The curve-billed thrasher is common here but not so the two-tailed thrasher, this is the only one I’ve seen. To my eyes it looks like a failure in design, one tail in front and one behind, but perhaps I’m not the best judge since one of us soars above the desert and one of us gets dizzy standing on a ladder.
Even with a relatively long beak, come springtime curve-billed thrashers end up with faces covered in pollen courtesy of the massive flowers of the saguaro. Saguaros are many things, subtle is not one of them. I’m thankful for the mercy of these large flowers, because if they were carnivorous they could easily eat their fill of desert birds who thrust their entire heads into the blossoms (and later, fruit) to feed.
The rising sun illuminates a battered old saguaro, some of its arms shattered in half and some broken off altogether. But it still has a host of hallelujah arms raised towards heaven, all now fruiting and not just hopefully starting new life from its seeds but sustaining the lives of others with its fruit, a prized treat for many birds. In the picture below, taken just before the sun rose, a curve-billed thrasher feeds atop one of the taller arms.
As we approach the anniversary of our first year in the house I added my 37th yardbird today, of all things a ladder-backed woodpecker. I saw 26 birds in our sixteen years at our Portland house, the urban neighborhood didn’t lend itself to the diversity of wildlife we see here. Equally as delightful are the numerous regulars we see despite the small size of the backyard, including the first bird I saw after we bought the house, the curve-billed thrasher. One is currently feeding a fledgling though we’ve not yet passed the Ides of March! As piercing as their yellow eyes is their song, while I was photographing some woodpeckers a month ago a nearby thrasher let out such an ear-piercing cry I’m surprised I didn’t fall over into the pool! More typically I hear their calls carrying across the desert as they are frequent companions on the trails, one of the many joys of the desert.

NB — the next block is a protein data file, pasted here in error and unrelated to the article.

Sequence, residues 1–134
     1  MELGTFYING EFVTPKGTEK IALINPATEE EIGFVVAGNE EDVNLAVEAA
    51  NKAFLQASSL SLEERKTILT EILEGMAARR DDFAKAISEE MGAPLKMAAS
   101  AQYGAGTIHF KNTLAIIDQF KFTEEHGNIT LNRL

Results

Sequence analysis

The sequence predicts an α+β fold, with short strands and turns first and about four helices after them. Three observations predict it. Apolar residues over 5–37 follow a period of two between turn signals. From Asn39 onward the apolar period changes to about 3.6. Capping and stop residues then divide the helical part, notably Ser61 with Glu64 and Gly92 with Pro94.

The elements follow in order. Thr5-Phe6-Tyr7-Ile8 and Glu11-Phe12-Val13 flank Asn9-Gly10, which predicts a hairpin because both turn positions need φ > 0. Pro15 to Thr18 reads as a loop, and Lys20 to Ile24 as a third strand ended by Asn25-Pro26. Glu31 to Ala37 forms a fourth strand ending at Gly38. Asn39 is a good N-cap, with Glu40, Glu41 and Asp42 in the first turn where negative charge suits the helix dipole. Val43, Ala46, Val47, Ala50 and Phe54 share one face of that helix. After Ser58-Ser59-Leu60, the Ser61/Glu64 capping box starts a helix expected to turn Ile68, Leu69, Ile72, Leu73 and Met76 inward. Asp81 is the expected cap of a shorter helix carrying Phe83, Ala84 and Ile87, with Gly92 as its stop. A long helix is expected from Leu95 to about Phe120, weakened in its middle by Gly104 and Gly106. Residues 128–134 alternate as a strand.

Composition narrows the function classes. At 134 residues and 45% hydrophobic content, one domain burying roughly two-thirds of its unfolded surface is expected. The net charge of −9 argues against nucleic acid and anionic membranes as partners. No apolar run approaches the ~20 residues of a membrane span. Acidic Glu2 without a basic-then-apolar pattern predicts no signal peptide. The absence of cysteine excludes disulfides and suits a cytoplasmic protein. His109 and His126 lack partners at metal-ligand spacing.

When I think of flower stalks I think of the delicate stems of the wildflowers I’d see on hikes through most of my life, like daisies or columbine or fairly slippers. The soaptree yucca, on the other hand, has a towering stalk that’s thick at the base like a tree limb before tapering into thin branches at the top. Even so it is a testament to how impossibly light birds are that this bedraggled thrasher only slightly depressed its perch as it sang on a sunny winter morning.
On Sunday a heavy cloud bank in the east snuffed out the sunrise but as I made my way back up the trail I was delighted when the sun poked through with such soft, diffuse light that it revealed every detail in the feathers of the birds and the spines of the cholla. I turned around and commanded the sun and clouds to hold their position for the next hour, just in case I had been granted the power of omnipotence without my knowing. Sadly I had not, though there’s always tomorrow. I was able to watch as the thrashers chased each other through the cholla, the black-throated sparrows chittered about, three cottontails poked in and out of the desert scrub, and sight unseen Gambel’s quail and Gila woodpeckers sang the Sonoran song. Just another magical morning in the desert.
Back in June I woke up early before work so I went out for a short hike, spending the morning the way I had the previous two mornings, watching a mockingbird dance and sing as the sun rose. The previous day a curve-billed thrasher had flown in and the mocker stayed out of sight for a while, but on this morning I got a picture of it singing right as the first light arrived. But then almost on cue the thrasher flew in, dried saguaro fruit clinging to its beak, and the mocker yielded. I noticed the previous morning that although it would lay low for a while whenever the thrasher flew in, eventually it would always come back to dance and sing, but on this morning work waited so I could not.